In today's landscape where everyone is competing for attention, from social media influencers to full traditional marketing teams, it becomes a challenge to provide that next dopamine hit to the discerning millennial with disposable income or to encourage skeptical buyers to switch brands.
Let's take a look at the VRIN framework for marketing a product or person as it relates to pop-ups. Let's break down what VRIN means. I know it doesn't spell anything really, but hey, V is for value, R is for rarity, I is for inimitable, and N is for non-substitutable. The concept of a pop-up store fits this framework extremely well.
It begins by giving value in a way that customers or fans have never seen before. This could be as simple as access to view physical products, but the sky's the limit. For example, Bumble, the dating and business networking app who just opened their pop-up during award season here in LA, are literally creating a physical space for some offline, real world networking to be done, complete with drinks, activities, and special events. Other ways to create value are product giveaways, limited edition versions, or some kind of immersive experience.
Rarity is an easy one. Pop-ups usually only have a couple of locations at most, and that adds to the kind of unique proposition that is an Instagrammer's word-of-mouth dream. "I was here. Don't you wish you were, too?" This factor also becomes a major draw to potential consumers. These days, status means doing something or going somewhere that most people can't. The rarity of a pop-up feeds in perfectly.
Inimitable, again, is uniquely tied to the concept of a pop-up. If you launch a regular brick and mortar store that sells a variety of products in a category, you're just pretty much like the rest. But a brand-centric pop-up with a limited timeframe and a constantly changing program of events is an experience unique to a specific time and place. Extra points if you can offer some exclusive product offers to the lucky souls who attend.
Non-substitutable fits like a glove with the uniqueness and time constraint of a pop-up model. Could you do something else in its place that gives the same value proposition? Probably not if it's done right. This is also a key reason why many brands choose to piggyback on other exclusive or inimitable events, like the Coachella Festival or award season in LA. These positive associations not only give the brands leverage of a popular event or celebrity, but also create the allure of exclusive insider intrigue that resonates with their target customers.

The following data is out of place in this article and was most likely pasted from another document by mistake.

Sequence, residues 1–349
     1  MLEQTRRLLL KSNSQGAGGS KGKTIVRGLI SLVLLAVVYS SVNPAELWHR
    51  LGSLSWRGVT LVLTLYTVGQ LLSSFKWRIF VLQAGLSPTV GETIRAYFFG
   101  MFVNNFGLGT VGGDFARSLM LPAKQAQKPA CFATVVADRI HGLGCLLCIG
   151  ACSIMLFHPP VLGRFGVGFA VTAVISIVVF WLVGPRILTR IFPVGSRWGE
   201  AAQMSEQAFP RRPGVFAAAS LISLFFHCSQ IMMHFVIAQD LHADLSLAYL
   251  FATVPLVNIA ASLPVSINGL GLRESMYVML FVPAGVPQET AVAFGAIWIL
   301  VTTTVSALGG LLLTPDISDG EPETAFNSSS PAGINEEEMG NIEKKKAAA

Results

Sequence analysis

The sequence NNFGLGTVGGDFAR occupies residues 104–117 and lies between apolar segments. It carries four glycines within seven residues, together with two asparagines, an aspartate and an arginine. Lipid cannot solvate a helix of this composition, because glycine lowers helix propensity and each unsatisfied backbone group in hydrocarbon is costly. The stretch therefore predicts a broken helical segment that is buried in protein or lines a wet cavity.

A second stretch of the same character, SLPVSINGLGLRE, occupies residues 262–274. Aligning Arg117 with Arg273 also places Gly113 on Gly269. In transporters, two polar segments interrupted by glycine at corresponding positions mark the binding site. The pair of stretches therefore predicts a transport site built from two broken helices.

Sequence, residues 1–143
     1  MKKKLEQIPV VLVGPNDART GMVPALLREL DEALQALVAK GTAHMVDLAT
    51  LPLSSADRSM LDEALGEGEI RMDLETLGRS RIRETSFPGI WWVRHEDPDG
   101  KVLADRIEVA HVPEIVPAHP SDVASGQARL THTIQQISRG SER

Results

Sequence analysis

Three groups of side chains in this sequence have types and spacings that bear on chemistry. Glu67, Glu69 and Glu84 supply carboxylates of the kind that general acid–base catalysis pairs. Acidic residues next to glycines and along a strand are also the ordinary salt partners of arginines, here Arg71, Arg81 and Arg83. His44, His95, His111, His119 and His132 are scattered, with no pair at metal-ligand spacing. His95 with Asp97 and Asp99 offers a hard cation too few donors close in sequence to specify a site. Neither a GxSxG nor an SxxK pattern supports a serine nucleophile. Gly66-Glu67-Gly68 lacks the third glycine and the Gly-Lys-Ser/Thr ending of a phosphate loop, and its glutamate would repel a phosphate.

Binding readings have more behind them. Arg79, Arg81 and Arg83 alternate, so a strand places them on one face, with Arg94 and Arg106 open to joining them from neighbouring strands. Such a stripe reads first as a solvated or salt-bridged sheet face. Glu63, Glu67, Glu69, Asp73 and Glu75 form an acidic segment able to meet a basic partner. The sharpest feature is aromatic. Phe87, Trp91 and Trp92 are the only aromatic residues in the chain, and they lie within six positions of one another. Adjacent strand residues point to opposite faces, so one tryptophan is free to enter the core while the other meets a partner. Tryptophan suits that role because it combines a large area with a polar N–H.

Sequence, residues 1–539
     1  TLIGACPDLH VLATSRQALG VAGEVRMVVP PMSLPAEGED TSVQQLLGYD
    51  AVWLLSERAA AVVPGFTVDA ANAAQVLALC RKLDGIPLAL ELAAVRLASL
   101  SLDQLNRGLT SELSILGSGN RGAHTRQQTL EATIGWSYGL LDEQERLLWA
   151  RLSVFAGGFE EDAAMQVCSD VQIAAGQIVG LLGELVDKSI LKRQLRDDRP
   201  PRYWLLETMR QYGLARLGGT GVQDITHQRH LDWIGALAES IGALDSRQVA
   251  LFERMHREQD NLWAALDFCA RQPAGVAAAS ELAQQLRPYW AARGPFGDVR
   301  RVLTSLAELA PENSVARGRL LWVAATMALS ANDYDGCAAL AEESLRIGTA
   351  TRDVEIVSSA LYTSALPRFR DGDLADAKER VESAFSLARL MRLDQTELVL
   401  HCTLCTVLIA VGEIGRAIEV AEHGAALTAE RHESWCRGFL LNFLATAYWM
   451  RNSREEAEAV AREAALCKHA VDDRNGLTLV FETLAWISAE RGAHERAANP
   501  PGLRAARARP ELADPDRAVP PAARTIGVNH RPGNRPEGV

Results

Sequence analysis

This works particularly well with aspirational brands, such as Bev, a recently female-founded rose wine brand who wanted to resonate with their audience by showing support for the women's movement. They chose to launch their women up hashtag campaign at the Gold Meets Golden event in Hollywood, where ahead of their soft launch, they engaged celebrities like Jessica Chastain, Nick Jonas, and Nicole Kidman to support their message. This, in turn, creates content to share and inspire their consumers, ultimately driving sales that align with their brand message and proposition.
The important takeaway here is that no matter how much you engage in a digital sense, your customers are still human and we humans, we like all of our senses engaged. Sight, sound, touch, smell, taste. If your brand can offer a unique and exclusive environment to do that in, then you are on the road to success.
That's it for pop-up marketing. If you guys liked this video, be sure to subscribe to the Growth Everywhere YouTube channel and Eric will be back tomorrow with some killer advice and marketing techniques to help bring your business to the next level.